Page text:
23.06.2017
Human Rights Without Frontiers
Muslims (offenders)
Christians (victims)

One year in prison for "proselytism"

On 23 January, the Court of Cassation confirmed the sentence to one-year imprisonment and a 500 EUR fine of Ibouène Mohamed, a Christian of Muslim origin, for talking about his faith at his workplace.

Taken with kind permission from the Newsletter "Intolerance and Discrimination Based on Religion or Belief“ edited by Willy Fautré on behalf of Human Rights Without Frontiers Int'l - www.hrwf.net       

HRWF (07.02.2013) - On 23 January, the Court of Cassation confirmed the sentence to one-year imprisonment and a 500 EUR fine of Ibouène Mohamed, a Christian of Muslim origin, for talking about his faith at his workplace.

Once, Ibouène who was working in a multinational in Tindouf talked about God and his faith to a colleague. The latter lodged a complaint against him for attempting to convert him.
  
In 2008, Habiba Kouider, a Muslim convert to Christianity, was stopped by the police while she was carrying several Christian books. Kouider's brothers learned about her conversion to Christianity after her case sparked national and international media attention and kicked her out of the family's home. She is still waiting for the final verdict.
  

Anti-proselytism law

In 2006, President Abdelaziz Bouteflika issued Ordinance 06-03, which regulates non-Muslim religious worship. The ordinance permits non-Muslims to practice religious rights, but such practice must not violate public order, morality, and the rights of others. However, Ordinance 06-03 forbids attempting to proselytize Muslims, or even to shake the faith of a Muslim.' As demonstrated in Section 2 herein, Algerian authorities have used these laws to harass and persecute minority religious groups.

Under Ordinance 06-03, printing, storing, or distributing materials for converting Muslims carries heavy penalties: up to five years in jail and up to one million Algerian dinars. As such, Christians do not carry religious materials with them out of fear. Likewise, proselytism carries heavy punishments: lay persons can receive one to three years in jail and fines up to 500,000 dinars; religious leaders can receive three to five years in prison and may be fined up to one million dinars. Further, conduct that incites, constrains, or seduces with a tendency to convert a Muslim, or using education, health, social, culture, training . . . or any financial means to convert a Muslim is punishable by five years in jail and fines up to 500,000 dinars.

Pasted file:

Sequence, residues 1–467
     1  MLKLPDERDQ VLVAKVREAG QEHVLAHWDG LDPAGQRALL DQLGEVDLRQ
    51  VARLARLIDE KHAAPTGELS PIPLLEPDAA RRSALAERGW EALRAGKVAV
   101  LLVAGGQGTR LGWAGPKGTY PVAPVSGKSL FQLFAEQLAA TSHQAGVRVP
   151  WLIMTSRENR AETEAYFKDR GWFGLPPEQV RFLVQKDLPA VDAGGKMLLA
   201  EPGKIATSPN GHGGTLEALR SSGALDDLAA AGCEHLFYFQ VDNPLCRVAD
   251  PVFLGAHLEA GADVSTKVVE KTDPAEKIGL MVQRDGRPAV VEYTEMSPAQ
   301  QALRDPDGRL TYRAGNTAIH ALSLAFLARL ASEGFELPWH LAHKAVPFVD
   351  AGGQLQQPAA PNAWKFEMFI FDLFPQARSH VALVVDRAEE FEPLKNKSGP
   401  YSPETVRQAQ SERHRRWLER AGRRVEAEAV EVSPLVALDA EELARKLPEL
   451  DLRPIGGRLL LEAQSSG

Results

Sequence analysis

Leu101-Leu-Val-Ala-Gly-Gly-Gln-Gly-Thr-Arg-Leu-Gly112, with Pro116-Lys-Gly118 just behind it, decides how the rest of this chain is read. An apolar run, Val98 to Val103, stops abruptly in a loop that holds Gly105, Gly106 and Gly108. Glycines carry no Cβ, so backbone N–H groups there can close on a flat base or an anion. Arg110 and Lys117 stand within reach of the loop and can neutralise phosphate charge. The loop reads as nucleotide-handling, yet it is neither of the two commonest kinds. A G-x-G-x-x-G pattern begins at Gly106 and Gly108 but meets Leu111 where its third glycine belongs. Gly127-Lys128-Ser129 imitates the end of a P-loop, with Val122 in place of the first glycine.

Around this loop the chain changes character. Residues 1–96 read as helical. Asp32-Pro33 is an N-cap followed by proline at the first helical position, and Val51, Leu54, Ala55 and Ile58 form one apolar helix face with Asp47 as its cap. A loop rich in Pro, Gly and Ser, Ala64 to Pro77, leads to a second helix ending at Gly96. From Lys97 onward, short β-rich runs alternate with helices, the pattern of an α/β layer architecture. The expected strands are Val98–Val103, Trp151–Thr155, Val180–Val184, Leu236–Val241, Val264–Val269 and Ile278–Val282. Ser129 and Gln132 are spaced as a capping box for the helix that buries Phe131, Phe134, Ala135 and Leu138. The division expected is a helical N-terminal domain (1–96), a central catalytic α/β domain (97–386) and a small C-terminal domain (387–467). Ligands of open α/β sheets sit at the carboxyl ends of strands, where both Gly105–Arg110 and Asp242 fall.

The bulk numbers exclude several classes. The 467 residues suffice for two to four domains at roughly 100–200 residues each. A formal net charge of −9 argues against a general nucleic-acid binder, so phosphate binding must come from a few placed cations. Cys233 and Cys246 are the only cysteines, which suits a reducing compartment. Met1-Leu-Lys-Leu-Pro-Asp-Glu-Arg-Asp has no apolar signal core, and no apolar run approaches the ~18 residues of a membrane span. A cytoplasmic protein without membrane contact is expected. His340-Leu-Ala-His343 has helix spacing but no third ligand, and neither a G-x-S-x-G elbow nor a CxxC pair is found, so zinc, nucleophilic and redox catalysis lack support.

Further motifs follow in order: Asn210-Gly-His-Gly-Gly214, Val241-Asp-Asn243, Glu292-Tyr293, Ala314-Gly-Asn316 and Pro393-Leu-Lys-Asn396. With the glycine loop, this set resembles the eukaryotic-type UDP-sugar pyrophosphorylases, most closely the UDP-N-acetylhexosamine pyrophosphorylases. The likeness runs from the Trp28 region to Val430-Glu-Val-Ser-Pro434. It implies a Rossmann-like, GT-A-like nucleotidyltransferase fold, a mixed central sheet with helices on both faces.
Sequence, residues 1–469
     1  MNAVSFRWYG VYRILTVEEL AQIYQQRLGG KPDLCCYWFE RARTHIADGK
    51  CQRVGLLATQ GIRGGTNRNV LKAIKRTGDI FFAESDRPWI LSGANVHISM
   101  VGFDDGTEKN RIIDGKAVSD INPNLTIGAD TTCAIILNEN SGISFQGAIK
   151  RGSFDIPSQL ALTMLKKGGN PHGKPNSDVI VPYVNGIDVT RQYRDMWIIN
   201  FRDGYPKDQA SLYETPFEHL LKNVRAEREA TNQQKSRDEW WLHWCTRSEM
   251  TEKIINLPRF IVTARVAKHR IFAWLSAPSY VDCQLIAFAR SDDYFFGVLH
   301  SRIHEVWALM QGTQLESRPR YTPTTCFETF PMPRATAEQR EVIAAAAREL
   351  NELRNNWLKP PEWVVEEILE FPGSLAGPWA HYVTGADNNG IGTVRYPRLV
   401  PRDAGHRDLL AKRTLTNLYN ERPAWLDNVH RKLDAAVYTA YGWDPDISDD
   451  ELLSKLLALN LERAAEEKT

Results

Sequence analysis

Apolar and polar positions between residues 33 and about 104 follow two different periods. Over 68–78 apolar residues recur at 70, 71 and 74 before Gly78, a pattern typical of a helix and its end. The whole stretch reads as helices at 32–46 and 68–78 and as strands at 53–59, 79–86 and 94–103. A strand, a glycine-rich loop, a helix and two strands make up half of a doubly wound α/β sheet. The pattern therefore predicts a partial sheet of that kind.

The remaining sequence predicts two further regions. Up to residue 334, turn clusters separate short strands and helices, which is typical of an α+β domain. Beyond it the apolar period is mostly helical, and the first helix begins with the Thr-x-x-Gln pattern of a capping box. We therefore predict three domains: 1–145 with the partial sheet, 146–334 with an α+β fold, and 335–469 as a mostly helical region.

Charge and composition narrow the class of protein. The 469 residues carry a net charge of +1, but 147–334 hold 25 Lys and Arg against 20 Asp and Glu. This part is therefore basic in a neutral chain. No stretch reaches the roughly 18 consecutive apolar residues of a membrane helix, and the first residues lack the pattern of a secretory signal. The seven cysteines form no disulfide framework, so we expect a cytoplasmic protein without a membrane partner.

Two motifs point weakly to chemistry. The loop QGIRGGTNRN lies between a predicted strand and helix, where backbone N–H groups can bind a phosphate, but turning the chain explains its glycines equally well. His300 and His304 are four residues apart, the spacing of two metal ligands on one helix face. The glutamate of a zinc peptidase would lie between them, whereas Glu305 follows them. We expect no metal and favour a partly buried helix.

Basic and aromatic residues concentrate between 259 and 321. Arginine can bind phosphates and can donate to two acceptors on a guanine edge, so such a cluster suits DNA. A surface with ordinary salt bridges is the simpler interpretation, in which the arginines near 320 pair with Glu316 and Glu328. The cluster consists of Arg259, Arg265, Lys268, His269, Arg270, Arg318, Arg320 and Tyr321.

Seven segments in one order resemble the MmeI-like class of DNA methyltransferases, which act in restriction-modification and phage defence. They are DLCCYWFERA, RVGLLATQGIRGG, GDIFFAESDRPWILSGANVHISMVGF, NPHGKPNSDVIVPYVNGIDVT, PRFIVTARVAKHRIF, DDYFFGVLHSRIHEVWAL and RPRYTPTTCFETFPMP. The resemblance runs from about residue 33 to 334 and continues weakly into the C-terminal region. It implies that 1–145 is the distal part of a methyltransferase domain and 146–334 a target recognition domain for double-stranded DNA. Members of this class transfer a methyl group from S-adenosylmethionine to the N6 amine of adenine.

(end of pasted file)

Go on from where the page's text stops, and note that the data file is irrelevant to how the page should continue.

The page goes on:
Although government officials stated that the ordinance does not impose any extraordinary burdens on non-Muslims that are not faced by Muslims as well, no reciprocal legislation banning Muslim proselytism of non-Muslims exists.


Universal Periodic Review of Algeria in 2012 and 2008

In May 2012, Algeria presented its human rights report at the UN Universal Periodic Review. Although the European Center for Law and Justice, Jubilee Campaign and Open Doors sent a submission denouncing the governmental limitations to freedom of religion or belief, including the law forbidding the sharing of one's beliefs, the issue was not raised during the interactive debate and in the recommendations.

In 2008, the Holy See, Belgium and Brazil had criticized Ordinance 06-03 during the interactive debate and Algeria had responded:

s in par. 525 to 526 of the HRC report:

525. Ordinance nr 06-03 of 28 February 2006 fixing the conditions and the regulations concerning the practice of non-Muslim religions led to numerous comments.  Article 2 of this text explicitly provides that The Algerian State guarantees the free exercise of religion in the framework of the respect of the provisions of the Constitution, of this Ordinance, of the laws and regulations in force, of public order and the fundamental freedoms of the other persons. The State also guarantees tolerance and respect between the various religions.» The said provisions concerning non-Muslim religions are only an extension to these religions of those already in force and applicable to the Muslim religion:

- Ordinance 77-03 of 19 February 1997 concerning religious collections
- Executive decree 91-81 of 23 March 1991 concerning mosques
- Article 87 bis of Law 01-09 of 26 June 2001.

526. Ordinance of 28 February 2006 fills in a juridical gap. It was adopted in the aftermath of numerous requests from citizens who noted that under cover of religious freedom an aggressive proselytism was instrumentalizing their current problems sowing confusion and division in the families and the communities. Moreover, these destabilizing activities are carried out by non qualified, non recognized and non authorizes persons.  In fact, what is applicable to Islam, the majority religion in Algeria, was extended to the other religions on the basis of the non-discrimination principle. It is an oxymoron to accuse Algeria of intolerance, a country which is proud to be the motherland of Emir Abdelkader, who saved persecuted Christians. Moreover, Evangelical proselytism which destabilizes interreligious coexistence equally affects today African countries predominantly Christian and Muslim."

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